Published – Southern Boating
©2015 – All Rights Reserved – Troy Gilbert
The Gulf Islands National Seashore is a series of sugar sand and scrub islands peppered with centuries old forts that run along the Gulf Coast from Mississippi to Florida and together they hold some of the greatest cruising grounds in all of the deep south. Named after the heir to the King of France in 1699 by French explorers and situated in the center of this run of long, narrow barrier islands, Dauphin Island is the only developed island in this chain and home to a rustic fishing village and quiet, undisturbed beach cottages. Forming the southern boundary of Mobile Bay and located directly on the ICW, Dauphin Island is a natural destination and homebase for exploring the vibrant beachside communities of coastal Alabama and these desolate, yet stunning barrier islands.
Only 14 miles long, Dauphin Island with her sand strewn roads and year round population of only around 1,300 people was briefly the center of France’s control of their new colony in the 17th century and a major trading depot with goods arriving from Haiti, France, Cuba and Mexico due to her deep water access. Today the island is visited mainly by thousands of migratory birds returning north from South America, beach lovers and transient cruisers.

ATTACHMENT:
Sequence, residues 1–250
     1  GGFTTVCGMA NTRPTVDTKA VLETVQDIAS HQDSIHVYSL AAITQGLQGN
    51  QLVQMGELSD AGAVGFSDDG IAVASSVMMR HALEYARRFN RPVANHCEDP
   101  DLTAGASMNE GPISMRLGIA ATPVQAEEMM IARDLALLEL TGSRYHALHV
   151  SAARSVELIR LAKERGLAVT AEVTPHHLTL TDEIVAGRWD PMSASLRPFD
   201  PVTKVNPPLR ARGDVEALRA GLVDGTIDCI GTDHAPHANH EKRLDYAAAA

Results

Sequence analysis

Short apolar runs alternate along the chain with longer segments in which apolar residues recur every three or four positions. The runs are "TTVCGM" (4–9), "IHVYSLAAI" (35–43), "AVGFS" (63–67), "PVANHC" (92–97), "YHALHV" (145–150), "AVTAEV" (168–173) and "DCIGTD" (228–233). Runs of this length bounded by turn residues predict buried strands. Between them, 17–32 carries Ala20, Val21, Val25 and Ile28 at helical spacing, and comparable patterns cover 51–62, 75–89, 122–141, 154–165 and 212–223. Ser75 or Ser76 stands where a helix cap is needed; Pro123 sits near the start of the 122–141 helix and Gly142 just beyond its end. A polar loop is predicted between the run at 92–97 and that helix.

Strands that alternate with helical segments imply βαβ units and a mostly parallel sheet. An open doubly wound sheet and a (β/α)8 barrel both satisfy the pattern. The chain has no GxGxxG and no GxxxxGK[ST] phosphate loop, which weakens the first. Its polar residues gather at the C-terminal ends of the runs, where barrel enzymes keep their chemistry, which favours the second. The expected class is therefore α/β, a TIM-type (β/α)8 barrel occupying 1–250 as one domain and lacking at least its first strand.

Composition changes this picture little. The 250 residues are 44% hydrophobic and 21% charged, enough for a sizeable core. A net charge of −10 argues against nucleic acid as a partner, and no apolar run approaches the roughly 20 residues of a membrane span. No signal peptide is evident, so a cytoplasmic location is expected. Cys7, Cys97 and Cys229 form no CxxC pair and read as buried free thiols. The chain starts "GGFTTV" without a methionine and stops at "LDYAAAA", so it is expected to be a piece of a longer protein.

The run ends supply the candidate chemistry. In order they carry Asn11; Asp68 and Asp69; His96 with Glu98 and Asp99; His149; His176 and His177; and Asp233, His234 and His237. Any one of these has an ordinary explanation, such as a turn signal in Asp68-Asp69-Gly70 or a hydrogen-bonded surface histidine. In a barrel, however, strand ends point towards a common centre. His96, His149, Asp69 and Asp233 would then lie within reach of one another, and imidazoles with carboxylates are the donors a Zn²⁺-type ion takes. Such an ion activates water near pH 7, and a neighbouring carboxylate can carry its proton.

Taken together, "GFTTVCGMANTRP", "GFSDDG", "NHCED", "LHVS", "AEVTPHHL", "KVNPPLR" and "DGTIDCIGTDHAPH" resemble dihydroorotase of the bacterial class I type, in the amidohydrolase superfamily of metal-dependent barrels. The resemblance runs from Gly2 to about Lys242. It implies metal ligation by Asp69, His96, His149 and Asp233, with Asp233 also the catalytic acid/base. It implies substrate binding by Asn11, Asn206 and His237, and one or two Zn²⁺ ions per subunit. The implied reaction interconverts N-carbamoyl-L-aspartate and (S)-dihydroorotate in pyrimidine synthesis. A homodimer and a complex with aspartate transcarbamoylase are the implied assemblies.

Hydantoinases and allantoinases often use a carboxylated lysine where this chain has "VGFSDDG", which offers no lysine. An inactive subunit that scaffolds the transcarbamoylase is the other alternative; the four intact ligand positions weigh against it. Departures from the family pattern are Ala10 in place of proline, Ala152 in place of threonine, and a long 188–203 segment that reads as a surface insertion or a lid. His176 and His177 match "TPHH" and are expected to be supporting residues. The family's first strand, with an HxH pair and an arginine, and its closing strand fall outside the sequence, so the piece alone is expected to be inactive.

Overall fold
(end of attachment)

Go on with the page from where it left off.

Controlling the entrance to Mobile Bay, the island’s east end is home to a stunning and well preserved Fort Gaines which was constructed between 1821 and 1848 and is bookended by the equally historic Fort Morgan on the mainland. Both saw fierce combat in the Battle of Mobile Bay between Confederate forces and the Union Navy in 1864 which included ironclads on both sides and where Admiral David Farragut commanded the now famous phrase, “Damn the torpedoes, full speed ahead.”
The spring and summer are the high seasons for tourists who mainly rent the many raised beach houses and enjoy the warm Gulf of Mexico rolling onto her quartz sand beaches and grassy dunes that long ago washed down from the Appalachians. In April, nearly 200 sailboats will swarm down Mobile Bay for what will be the 57th running of the Dauphin Island Race and the crews and racer chasers take control of the island and the Dauphin Island Marina in one of the largest regattas in the entire United States.